419 F.3d 656 (7th Cir. 2005), 04-2894, Dawson v. Newman

Docket Nº:04-2894.
Citation:419 F.3d 656
Party Name:Lance DAWSON, Plaintiff-Appellant, v. Thomas NEWMAN, Jr., Madison County Superior Court Judge in his individual capacity, State of Indiana, Indiana Department of Corrections, Arthur Hegewald, Betty Weist, Victoria Fafata, and Kathy Stoops-Wright, Defendants-Appellees.
Case Date:August 18, 2005
Court:United States Courts of Appeals, Court of Appeals for the Seventh Circuit

Page 656

419 F.3d 656 (7th Cir. 2005)

Lance DAWSON, Plaintiff-Appellant,

v.

Thomas NEWMAN, Jr., Madison County Superior Court Judge in his individual capacity, State of Indiana, Indiana Department of Corrections, Arthur Hegewald, Betty Weist, Victoria Fafata, and Kathy Stoops-Wright, Defendants-Appellees.

No. 04-2894.

United States Court of Appeals, Seventh Circuit.

August 18, 2005

ARGUED Jan. 21, 2005.

Appeal from the United States District Court for the Southern District of Indiana, Indianapolis Division, No. 03 C 1563 – Sarah Evans Barker, Judge.

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Nicholas D. Conway (argued), Sutherlin & Associates, Indianapolis, IN, for Plaintiff-Appellant.

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James B. Martin, Ryan D. Johanningsmeier (argued), Office of the Attorney General, Ronald J. Semler (argued), Stephenson, Daly, Morow & Kurnik, Indianapolis, IN, for Defendants-Appellees.

Before RIPPLE, WOOD, and SYKES, Circuit Judges.

SYKES,Circuit Judge.

When Lance Dawson's probation was revoked, he appealed to the Indiana Court of Appeals and won a ruling that the revocation was improper. On remand Madison County Superior Court Judge Thomas Newman, Jr., ordered Dawson released from prison. Judge Newman's office faxed a copy of the Indiana Court of Appeals' decision to the Indiana Department of Corrections ("DOC") but did not include a copy of the release order. Dawson thus remained in prison for another fourteen months, until he was released on parole supervision. He reported for supervision, informed parole officials that his original probation revocation had been overturned, but was unable to convince officials that he should not be on parole.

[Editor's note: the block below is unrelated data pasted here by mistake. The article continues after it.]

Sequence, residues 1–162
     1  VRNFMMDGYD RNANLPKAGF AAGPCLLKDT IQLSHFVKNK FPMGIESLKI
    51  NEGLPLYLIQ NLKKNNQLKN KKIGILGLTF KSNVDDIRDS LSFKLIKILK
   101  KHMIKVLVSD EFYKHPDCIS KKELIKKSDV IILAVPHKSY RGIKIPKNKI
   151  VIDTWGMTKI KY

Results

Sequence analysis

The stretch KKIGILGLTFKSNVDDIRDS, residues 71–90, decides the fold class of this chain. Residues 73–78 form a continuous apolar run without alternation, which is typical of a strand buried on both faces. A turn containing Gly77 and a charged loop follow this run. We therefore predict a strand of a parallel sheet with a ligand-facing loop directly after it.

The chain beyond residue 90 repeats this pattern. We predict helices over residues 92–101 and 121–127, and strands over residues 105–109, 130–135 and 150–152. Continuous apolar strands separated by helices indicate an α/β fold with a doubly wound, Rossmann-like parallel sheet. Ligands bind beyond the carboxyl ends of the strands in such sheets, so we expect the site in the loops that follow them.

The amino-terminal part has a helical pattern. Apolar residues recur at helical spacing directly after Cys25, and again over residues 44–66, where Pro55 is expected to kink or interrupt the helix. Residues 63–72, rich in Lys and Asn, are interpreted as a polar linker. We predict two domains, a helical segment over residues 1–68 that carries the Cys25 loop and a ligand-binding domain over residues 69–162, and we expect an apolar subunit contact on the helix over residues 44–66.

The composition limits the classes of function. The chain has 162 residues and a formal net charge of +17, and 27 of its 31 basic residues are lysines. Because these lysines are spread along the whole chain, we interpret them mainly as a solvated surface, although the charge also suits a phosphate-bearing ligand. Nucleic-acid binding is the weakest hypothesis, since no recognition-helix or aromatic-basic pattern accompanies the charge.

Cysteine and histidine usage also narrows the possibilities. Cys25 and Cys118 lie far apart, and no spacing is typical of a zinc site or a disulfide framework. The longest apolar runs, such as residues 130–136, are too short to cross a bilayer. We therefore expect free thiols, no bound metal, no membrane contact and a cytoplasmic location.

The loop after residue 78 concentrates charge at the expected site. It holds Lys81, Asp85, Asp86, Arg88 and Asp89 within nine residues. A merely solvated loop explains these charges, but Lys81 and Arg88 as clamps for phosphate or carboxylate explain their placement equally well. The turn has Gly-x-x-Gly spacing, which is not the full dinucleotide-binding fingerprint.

Dawson then brought this suit under 42 U.S.C. § 1983 against Judge Newman, Madison County Clerk of Court Kathy Stoops-Wright, the DOC, and several parole officials. The State defendants (the judge, the DOC, and the parole officials) moved to dismiss on absolute immunity grounds; the clerk, Stoops-Wright, filed an answer and did not join the motion to dismiss. The district court granted the dismissal motion, concluding that the judge was immune and the DOC and its parole officials could not be held liable for Dawson's wrongful continued incarceration and parole supervision because they had no power to "recompute a sentence" and were not at fault for the failure to transmit the release order. The district court later issued a brief "clarification" order indicating that the dismissal was "complete" and was meant to include dismissal of Dawson's claims against the clerk, even though she had not moved to dismiss.

We affirm in part and reverse in part. Judge Newman is entitled to absolute judicial immunity, and the claims against him were properly dismissed. The claims against the parole officials should not have been dismissed, however. The dismissal motion raised only the issue of absolute immunity – not the liability merits – and the parole officials are not entitled to absolute immunity. Finally, the district court's follow-up order summarily dismissing the claims against the court clerk was improper, as she had not moved to dismiss.

I. Background